The NHL regular season officially begins on Oct. 7, but the retooling and reshaping of many teams has been going on for months. CBCSports.ca offers you a glimpse at what teams across the league have done in the off-season with a series of six divisional previews — today, we feature the Western Conference's Pacific Division.
1st in West, 1st in Pacific in 2009-10
51-20-11 (113 pts.) — 14-6-4 vs. Pacific Division — lost Conference final to Chicago (4-0)
Wiping away most of the playoff underperformer tag they've been carrying around for the past few years, the Sharks haven't made the sweeping changes they might have if they'd been bounced in the first or second rounds (again). The biggest change in San Jose was the decision to re-evaluate goaltending — first by picking up Antero Niittymaki and then snatching up Antti Niemi, the goalie that had a big hand in sweeping them out of the conference finals.
When a team gains a Stanley Cup-winning goaltender and retains the parts that made it powerful in the first place (re-signing Joe Pavelski and Patrick Marleau), you can only expect a repeat regular season with a strong possibility of finally capturing the big prize.
The retirement of Rob Blake also makes for an interesting storyline, as the team is once again without a captain, one year after Marleau was stripped of the 'C' in favour of Blake. Who will step up and when?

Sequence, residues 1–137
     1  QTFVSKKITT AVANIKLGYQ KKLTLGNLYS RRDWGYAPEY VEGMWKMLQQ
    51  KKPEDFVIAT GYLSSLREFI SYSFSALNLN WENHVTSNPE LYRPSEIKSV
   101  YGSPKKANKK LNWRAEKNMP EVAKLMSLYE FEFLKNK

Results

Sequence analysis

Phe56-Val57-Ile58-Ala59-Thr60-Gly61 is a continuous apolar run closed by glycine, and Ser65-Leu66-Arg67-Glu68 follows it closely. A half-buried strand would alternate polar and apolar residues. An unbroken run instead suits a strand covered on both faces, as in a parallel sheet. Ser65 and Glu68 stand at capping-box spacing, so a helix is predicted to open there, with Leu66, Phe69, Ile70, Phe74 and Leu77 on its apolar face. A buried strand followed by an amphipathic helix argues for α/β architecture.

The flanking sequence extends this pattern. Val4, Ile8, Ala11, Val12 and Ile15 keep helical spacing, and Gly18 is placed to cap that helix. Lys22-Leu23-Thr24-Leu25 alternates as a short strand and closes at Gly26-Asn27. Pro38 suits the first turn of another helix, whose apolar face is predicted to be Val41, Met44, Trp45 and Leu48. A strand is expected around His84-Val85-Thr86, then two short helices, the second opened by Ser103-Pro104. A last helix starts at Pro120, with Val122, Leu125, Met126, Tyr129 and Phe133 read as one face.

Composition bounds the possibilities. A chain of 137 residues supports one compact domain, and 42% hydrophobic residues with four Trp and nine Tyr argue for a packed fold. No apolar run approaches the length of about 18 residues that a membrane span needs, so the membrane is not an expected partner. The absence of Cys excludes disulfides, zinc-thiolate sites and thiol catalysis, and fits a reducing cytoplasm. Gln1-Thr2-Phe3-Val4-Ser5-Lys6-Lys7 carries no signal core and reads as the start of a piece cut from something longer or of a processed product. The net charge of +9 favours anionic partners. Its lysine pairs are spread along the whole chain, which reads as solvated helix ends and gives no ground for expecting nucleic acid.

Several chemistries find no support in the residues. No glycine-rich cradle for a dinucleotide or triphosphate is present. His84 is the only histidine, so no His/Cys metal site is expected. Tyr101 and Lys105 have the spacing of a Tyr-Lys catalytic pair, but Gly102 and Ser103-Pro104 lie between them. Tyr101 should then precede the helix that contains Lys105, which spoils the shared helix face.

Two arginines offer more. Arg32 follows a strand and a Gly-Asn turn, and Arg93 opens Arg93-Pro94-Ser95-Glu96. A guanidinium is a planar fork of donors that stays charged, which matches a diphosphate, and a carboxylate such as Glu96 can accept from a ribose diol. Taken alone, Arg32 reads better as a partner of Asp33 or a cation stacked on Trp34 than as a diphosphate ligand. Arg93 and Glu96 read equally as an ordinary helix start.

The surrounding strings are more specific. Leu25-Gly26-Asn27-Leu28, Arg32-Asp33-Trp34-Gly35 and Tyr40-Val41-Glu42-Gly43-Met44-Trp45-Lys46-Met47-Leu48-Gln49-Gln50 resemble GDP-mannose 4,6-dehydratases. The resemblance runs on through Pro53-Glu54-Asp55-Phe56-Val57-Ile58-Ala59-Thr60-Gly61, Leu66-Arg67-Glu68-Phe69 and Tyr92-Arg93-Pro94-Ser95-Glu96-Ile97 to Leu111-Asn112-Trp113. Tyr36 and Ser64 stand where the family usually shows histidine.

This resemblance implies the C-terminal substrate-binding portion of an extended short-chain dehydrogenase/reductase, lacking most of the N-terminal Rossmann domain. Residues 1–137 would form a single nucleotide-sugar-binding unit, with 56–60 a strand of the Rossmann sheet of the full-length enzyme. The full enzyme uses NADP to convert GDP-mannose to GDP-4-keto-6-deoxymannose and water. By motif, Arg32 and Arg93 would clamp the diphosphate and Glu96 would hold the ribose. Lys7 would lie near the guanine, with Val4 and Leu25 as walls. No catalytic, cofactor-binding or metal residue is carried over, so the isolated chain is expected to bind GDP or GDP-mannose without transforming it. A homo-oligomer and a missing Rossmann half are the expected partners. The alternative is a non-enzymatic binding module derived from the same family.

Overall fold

Notable additions: G Antti Niemi (Chicago), F Jamal Mayers (Calgary), G Antero Niittymaki (Tampa Bay)
Notable subtractions: G Evgeni Nabokov (Europe), F Manny Malhotra (Vancouver), F Brad Staubitz (Minnesota) D Rob Blake (Retired)
Notable Quotables: "Antti [Niemi]’s play last season speaks for itself. Our goal this summer was to create the best goaltending unit we could and we feel we have successfully done that." — San Jose GM Doug Wilson to the team's website
Outlook: It's not hard to see the Sharks making the playoffs and it's not hard to see them getting guaranteed home-ice advantage for a deep playoff run. But how hard is it to see them lifting the Cup?
4th in West, 2nd in Pacific in 2009-10
50-25-7 (107 pts.), 13-7-4 vs. Pacific Division — lost in 1st round to Detroit (4-3)
The regular season's biggest surprise was the contrast between the performance of a team whose future rode a figurative rollercoaster in the off-season. A 107-point campaign by the Coyotes was more than a pleasant surprise follwing a spring and summer filled with bankruptcy and arbitration hearings.
Now that the feel good part is over, it's time for the cold hard stats portion. Phoenix may not have made the playoffs if not for 14 shootout victories in the 20 opportunities that were presented. That amount of wins corresponds perfectly with the difference in the victory column from 2008-09 to last season (36 to 50).
You can choose to look at the Coyotes as team that thrives under pressure or one that may have had an inflated seeding. It's possible to see both after watching them bow out in a hard fought, full seven-game series to an always tough Detroit team.
The biggest move this off-season isn't to Winnipeg, Hamilton or the like — it's importing Ray Whitney. The darling of the trade deadline waited until free agency to find a team willing to give him the contract length he desired. Phoenix is banking the 38-year-old can produce over the next two seasons.
Notable additions: F Ray Whitney (Carolina), F Eric Belanger (Washington), F Andrew Ebbett (Minnesota),